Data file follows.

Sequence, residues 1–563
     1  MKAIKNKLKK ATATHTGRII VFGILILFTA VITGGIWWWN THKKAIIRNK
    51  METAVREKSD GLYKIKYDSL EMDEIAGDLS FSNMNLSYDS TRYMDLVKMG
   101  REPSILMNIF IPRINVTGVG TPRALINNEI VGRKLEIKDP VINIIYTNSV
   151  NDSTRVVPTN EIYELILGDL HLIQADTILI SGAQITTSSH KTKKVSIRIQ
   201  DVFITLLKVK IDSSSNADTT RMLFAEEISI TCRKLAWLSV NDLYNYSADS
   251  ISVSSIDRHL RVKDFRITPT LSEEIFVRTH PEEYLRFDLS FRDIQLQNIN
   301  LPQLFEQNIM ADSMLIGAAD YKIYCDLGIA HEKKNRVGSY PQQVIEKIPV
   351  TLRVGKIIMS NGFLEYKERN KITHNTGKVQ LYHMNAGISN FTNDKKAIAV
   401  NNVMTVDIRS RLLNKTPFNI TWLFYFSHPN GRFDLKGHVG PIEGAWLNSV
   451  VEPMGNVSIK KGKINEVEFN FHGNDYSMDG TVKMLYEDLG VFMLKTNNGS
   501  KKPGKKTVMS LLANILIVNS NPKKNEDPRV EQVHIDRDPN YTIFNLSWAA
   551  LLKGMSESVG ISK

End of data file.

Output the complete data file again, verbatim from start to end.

Sequence, residues 1–563
     1  MKAIKNKLKK ATATHTGRII VFGILILFTA VITGGIWWWN THKKAIIRNK
    51  METAVREKSD GLYKIKYDSL EMDEIAGDLS FSNMNLSYDS TRYMDLVKMG
   101  REPSILMNIF IPRINVTGVG TPRALINNEI VGRKLEIKDP VINIIYTNSV
   151  NDSTRVVPTN EIYELILGDL HLIQADTILI SGAQITTSSH KTKKVSIRIQ
   201  DVFITLLKVK IDSSSNADTT RMLFAEEISI TCRKLAWLSV NDLYNYSADS
   251  ISVSSIDRHL RVKDFRITPT LSEEIFVRTH PEEYLRFDLS FRDIQLQNIN
   301  LPQLFEQNIM ADSMLIGAAD YKIYCDLGIA HEKKNRVGSY PQQVIEKIPV
   351  TLRVGKIIMS NGFLEYKERN KITHNTGKVQ LYHMNAGISN FTNDKKAIAV
   401  NNVMTVDIRS RLLNKTPFNI TWLFYFSHPN GRFDLKGHVG PIEGAWLNSV
   451  VEPMGNVSIK KGKINEVEFN FHGNDYSMDG TVKMLYEDLG VFMLKTNNGS
   501  KKPGKKTVMS LLANILIVNS NPKKNEDPRV EQVHIDRDPN YTIFNLSWAA
   551  LLKGMSESVG ISK